By Isabela Baghdady
MyChart Bedside, Penn Medicine’s new digital tool, will be implemented at The Pavilion, Penn Med’s new hospital facility set to open later this year.
Credit: Kylie Cooper
Penn Medicine’s new digital tool, MyChart Bedside, provides a centralized database of resources to empower inpatients and give them transparency during their hospital stays.
The tool was piloted in April and will be implemented at The Pavilion, Penn Med’s new hospital facility set to open later this year. The new tool, accessible through hospital-owned iPads, gives inpatients a schedule of what will be happening during their hospital visit, up-to-date information about their health, photos and descriptions of members of their treatment team, and educational materials.
MyChart Bedside is distinct from MyPennMedicine — a digital tool Penn Med uses to engage outpatients — because it is catered towards inpatients, Senior Project Manager at Penn Med’s Information Services Poppy Bass said.
While MyPennMedicine allows outpatients to schedule appointments, view and refill their current medications, and look at lab results, MyChart Bedside allows inpatients to view their upcoming procedures and tests, the medications they will be receiving, and their treatment providers, Bass said.
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“I think that sometimes when patients are in the hospital, they don’t have that transparency around what’s going on around them,” she said. “I really believe that this tool allows for that. And that, to me, is really powerful.”
Associate Director of Clinical Technology and Systems at Penn Med Sean Sarles described MyChart Bedside as an “extension of an electronic health record” that allows both inpatients and designated family members to be more involved in the patient’s medical care.
“MyChart Bedside and the information that it provides is, for us, a whole new realm of patient and family participation in [the patient’s] care,” Sarles said.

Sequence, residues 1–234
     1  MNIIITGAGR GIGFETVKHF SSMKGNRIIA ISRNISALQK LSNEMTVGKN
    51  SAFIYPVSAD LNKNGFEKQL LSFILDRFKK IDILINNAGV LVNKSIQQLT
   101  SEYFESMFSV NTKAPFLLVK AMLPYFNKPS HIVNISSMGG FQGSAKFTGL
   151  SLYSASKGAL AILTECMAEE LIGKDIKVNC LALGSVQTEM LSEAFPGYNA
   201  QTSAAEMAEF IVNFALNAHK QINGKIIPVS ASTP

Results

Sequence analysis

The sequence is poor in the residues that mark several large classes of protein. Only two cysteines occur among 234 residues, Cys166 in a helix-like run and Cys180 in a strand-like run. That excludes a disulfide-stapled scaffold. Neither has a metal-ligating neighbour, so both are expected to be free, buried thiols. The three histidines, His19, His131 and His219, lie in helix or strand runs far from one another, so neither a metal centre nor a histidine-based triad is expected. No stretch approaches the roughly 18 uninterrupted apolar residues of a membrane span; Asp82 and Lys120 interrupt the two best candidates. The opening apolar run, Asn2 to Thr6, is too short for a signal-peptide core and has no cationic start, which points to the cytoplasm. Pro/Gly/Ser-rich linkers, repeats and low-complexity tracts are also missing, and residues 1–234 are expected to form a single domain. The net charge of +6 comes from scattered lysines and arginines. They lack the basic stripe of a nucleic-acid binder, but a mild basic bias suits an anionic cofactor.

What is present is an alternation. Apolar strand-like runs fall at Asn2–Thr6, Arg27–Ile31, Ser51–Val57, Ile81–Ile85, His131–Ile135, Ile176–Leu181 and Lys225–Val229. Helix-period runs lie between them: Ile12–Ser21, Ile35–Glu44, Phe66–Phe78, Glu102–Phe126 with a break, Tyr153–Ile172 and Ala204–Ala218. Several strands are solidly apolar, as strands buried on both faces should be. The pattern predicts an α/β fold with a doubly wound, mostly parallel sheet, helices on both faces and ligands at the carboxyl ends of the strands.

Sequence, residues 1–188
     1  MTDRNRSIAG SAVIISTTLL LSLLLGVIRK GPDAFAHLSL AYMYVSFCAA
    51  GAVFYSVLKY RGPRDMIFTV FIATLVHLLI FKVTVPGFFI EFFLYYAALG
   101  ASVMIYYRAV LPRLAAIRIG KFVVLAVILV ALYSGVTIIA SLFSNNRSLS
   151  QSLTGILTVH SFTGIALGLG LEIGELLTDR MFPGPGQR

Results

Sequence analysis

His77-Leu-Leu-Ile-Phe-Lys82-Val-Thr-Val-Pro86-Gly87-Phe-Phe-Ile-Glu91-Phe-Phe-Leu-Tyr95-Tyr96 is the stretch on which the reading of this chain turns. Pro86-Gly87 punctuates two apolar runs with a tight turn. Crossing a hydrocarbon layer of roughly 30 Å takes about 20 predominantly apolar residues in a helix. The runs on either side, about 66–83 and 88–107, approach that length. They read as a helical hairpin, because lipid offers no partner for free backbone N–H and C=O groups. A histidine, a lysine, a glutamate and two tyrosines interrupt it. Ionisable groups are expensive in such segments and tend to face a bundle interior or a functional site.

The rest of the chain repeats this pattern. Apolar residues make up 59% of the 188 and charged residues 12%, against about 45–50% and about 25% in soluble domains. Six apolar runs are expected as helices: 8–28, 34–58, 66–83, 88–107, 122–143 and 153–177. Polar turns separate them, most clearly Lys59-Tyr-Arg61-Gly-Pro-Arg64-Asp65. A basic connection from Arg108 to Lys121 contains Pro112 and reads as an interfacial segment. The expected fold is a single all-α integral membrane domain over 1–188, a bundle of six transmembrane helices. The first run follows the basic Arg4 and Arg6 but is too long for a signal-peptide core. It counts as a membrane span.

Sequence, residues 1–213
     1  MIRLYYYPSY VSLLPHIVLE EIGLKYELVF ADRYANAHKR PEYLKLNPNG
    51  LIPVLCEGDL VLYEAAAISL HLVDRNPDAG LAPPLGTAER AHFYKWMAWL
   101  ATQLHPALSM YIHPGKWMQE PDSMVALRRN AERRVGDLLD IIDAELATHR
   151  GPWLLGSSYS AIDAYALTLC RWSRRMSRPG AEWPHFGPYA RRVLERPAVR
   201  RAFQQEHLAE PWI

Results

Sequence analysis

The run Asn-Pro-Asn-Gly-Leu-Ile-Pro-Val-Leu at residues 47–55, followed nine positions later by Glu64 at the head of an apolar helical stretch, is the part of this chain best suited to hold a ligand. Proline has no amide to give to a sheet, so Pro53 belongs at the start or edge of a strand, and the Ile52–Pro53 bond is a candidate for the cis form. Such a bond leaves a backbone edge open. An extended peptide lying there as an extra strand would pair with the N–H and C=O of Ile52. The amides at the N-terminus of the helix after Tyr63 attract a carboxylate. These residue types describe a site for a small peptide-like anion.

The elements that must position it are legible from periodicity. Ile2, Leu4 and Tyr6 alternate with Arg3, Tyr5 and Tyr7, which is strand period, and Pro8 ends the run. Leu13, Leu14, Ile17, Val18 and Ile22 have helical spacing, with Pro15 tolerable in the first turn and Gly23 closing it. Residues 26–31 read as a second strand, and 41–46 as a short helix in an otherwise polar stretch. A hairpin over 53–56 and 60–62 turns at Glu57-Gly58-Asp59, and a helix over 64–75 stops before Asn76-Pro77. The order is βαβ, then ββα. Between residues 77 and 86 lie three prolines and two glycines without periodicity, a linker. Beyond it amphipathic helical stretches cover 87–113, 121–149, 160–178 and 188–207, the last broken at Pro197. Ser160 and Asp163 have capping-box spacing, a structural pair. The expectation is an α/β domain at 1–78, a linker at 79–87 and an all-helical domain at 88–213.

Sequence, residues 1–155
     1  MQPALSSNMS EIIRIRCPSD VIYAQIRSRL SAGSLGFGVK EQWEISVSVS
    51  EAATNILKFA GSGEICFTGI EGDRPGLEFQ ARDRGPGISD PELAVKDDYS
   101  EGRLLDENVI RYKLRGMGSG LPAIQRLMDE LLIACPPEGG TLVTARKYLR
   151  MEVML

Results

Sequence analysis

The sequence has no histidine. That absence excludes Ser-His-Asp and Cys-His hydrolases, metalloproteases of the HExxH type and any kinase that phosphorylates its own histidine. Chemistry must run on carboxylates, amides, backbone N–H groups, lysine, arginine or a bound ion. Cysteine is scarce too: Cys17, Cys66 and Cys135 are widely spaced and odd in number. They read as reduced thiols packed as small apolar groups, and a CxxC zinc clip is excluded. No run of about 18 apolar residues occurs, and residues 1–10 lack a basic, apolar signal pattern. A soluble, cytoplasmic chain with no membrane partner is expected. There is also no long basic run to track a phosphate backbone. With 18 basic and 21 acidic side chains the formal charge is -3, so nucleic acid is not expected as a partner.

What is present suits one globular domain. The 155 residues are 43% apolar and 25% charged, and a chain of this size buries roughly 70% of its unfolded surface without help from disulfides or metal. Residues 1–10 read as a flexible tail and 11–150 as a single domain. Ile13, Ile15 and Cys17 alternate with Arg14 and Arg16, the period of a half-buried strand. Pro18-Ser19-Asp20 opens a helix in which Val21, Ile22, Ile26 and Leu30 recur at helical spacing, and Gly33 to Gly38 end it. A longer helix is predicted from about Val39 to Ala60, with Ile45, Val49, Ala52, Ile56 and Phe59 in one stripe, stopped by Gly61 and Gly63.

Sarles explained that patients will access MyChart Bedside from an iPad located in each room in The Pavilion, and a trained “ambassador” will demonstrate to the patient how to use the technology.
To ensure that patients’ data is private, each patient will use a specific pin number to access the iPad, while family members with approved access will use their own unique login to view the patient’s information, Sarles said. When a patient is discharged from the hospital or moved to a different room, their data is wiped from the iPad to prepare for the next patient. The iPads will not work if they are removed from the hospital.
Penn Med’s Associate Chief Medical Informatics Officer Neha Patel, who worked on the MyChart Bedside pilot alongside Bass and Sarles, added that the new tool allows the hospital to “mitigate the technology divide” by giving all patients equal access to the same technology. For patients who do not have smart devices at home, MyChart Bedside gives them the opportunity to learn how to use an iPad, view their patient portal, and ask their health care provider questions, Patel said.
MyChart Bedside’s design was influenced by feedback from nurses, social workers, health care providers, and members of the Pennsylvania Hospital’s Patient and Family Advisory Council — a group composed of patients and patient family members — Bass said. She noted that the members of PFAC provided a firsthand perspective on how MyChart Bedside can best support a patient’s hospital experience, a perspective she said was “invaluable.”
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“A lot of times with us working in healthcare, we’re so focused on getting the job done and meeting deadlines,” she said. “I think having members of PFAC on our team kept us grounded.”
MyChart Bedside will likely be implemented in the months following the opening of The Pavilion once the staff is accustomed to the new building and its technology, Bass said.
Patel said that Penn Med is looking to launch MyChart Bedside at its other hospitals, adding that patient portals have the opportunity to not only improve a patient’s hospital stay but to help them improve their health at home after the visit.
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